Author Topic: Mountains May Depart  (Read 962 times)

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Punch

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Mountains May Depart
« on: September 13, 2015, 10:06:40 AM »
+2




China, 1999. Childhood friends Liangzi and Zhang are both in love with Tao, the town beauty. Tao eventually decides to marry the wealthier Zhang. They soon have a son he names Dollar…
From China to Australia, the lives, loves, hopes and disillusions of a family over two generations in a society changing at breakneck speed.
"oh you haven’t truly watched a film if you didn’t watch it on the big screen" mumbles the bourgeois dipshit

jenkins

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Re: Mountains May Depart
« Reply #1 on: October 21, 2015, 01:39:05 PM »
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lol ok i'm already the only upvote for this trailer too. you guys are good. this is probably my most anticipated movie right now, based on me saying that right now

jenkins

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Re: Mountains May Depart
« Reply #2 on: November 12, 2015, 01:36:23 PM »
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the synopsis needs to include "China, 2024." this movie shows the future!

it's such a long and elaborate story, with twists and turns, it could have been made as a lovely melodrama. it has all the necessary components of a melodrama, except its emotions hover nearer its characters than its narrative.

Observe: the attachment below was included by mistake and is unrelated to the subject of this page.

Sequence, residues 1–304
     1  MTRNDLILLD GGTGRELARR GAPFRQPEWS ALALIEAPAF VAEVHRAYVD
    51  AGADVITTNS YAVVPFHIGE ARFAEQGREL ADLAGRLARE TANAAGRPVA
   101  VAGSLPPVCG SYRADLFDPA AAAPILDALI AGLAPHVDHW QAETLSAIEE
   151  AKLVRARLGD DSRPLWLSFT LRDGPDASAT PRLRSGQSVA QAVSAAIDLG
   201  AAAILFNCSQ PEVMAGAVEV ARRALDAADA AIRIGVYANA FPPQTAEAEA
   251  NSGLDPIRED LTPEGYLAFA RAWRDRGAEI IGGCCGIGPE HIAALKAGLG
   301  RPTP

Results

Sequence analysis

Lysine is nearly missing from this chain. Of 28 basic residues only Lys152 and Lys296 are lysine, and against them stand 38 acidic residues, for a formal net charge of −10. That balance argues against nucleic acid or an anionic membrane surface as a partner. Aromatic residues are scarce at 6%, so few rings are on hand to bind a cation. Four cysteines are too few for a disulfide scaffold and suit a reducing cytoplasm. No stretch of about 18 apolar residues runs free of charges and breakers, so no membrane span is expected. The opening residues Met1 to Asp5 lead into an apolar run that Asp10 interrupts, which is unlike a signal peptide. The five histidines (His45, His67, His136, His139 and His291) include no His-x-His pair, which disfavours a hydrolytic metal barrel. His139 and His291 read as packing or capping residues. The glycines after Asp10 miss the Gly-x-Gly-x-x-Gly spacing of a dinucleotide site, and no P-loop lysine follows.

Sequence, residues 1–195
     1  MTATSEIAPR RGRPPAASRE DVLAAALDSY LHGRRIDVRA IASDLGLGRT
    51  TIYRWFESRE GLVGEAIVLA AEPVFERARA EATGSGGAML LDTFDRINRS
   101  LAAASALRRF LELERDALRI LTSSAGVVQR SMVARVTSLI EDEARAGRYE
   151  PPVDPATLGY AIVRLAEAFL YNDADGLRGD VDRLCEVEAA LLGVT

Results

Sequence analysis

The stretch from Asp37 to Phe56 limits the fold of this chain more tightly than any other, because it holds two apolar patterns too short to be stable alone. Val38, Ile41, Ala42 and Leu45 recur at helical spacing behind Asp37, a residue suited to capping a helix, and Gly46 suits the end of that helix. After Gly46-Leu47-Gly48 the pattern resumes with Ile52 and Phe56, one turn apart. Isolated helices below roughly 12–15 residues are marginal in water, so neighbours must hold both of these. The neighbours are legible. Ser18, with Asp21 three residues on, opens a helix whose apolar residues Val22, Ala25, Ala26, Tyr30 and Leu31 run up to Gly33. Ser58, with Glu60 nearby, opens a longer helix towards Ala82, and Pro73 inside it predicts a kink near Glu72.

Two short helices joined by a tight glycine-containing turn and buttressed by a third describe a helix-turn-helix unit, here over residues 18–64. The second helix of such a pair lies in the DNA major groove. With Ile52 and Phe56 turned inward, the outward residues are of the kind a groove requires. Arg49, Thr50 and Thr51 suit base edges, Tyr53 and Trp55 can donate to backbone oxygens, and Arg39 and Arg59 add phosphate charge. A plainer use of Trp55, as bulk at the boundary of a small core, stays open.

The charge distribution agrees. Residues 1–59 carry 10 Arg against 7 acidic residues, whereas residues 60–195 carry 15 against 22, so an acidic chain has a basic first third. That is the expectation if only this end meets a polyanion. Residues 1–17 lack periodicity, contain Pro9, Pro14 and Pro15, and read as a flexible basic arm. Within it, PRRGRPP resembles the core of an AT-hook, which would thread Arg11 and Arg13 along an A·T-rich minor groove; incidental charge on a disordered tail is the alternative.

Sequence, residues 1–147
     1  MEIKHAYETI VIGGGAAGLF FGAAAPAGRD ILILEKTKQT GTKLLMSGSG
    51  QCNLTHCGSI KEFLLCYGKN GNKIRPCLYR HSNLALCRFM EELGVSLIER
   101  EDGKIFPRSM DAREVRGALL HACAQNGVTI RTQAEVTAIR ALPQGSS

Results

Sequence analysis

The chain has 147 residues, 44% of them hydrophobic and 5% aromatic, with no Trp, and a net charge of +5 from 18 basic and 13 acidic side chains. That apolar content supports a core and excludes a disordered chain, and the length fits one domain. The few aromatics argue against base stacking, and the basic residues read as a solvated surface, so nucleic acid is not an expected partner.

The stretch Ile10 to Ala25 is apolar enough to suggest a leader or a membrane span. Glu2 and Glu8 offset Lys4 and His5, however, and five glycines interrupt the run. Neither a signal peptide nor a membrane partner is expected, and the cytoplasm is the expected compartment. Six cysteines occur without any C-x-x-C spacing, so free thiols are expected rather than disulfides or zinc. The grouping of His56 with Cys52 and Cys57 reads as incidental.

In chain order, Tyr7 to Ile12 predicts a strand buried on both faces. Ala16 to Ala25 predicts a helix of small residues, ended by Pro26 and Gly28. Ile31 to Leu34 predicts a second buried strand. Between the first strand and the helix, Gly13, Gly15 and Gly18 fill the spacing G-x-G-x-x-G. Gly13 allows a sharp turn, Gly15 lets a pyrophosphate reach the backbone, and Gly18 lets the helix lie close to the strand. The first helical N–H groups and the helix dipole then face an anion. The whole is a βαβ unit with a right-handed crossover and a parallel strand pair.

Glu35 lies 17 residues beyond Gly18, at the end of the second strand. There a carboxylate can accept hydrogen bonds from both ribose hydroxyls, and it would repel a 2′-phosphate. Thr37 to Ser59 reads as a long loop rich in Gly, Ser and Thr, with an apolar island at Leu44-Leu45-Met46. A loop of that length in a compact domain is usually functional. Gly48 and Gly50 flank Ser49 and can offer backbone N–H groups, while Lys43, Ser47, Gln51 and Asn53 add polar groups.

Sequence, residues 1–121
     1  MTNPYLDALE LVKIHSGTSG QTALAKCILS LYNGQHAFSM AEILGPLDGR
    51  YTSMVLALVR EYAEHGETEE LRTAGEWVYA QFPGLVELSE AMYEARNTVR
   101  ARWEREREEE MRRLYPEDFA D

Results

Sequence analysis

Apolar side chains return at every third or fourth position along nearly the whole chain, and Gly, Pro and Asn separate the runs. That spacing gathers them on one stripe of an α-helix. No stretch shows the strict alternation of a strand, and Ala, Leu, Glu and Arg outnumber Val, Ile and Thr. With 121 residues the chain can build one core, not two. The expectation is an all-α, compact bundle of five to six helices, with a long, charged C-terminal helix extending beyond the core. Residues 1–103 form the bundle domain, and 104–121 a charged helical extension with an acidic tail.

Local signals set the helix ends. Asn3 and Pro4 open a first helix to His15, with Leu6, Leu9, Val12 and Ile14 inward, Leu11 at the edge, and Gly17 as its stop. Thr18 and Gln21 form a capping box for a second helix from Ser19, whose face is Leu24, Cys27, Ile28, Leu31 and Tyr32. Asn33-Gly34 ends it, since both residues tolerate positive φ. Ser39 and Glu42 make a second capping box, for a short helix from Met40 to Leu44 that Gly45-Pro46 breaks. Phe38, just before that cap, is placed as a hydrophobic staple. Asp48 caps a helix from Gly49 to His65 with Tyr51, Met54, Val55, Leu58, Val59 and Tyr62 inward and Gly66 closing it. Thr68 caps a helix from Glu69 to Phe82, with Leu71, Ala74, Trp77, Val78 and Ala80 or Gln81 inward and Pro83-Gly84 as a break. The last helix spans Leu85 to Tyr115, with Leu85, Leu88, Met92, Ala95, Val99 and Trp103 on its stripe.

i've noticed this year artcinema is working on crafting the technique of Michael Bay's use of parallax, off-screen space, compression and speed, which description i just copy and pasted from the video that was made to describe Bayhem. i love this, of course. so, imagine if such a shot was used not when the asteroid was discovered, but when a character is having a private emotional moment that can be best expressed through this cinematic grammar. imagine if the catastrophe taking place wasn't in the story but in the soul. you know. this is kind of a side story and illustrates how festivals always make me realize and consider facets of cinematic grammar.

but the point is i referenced Bay while describing this movie, since to me Jia Zhangke knows the Bayhem of emotions.

 

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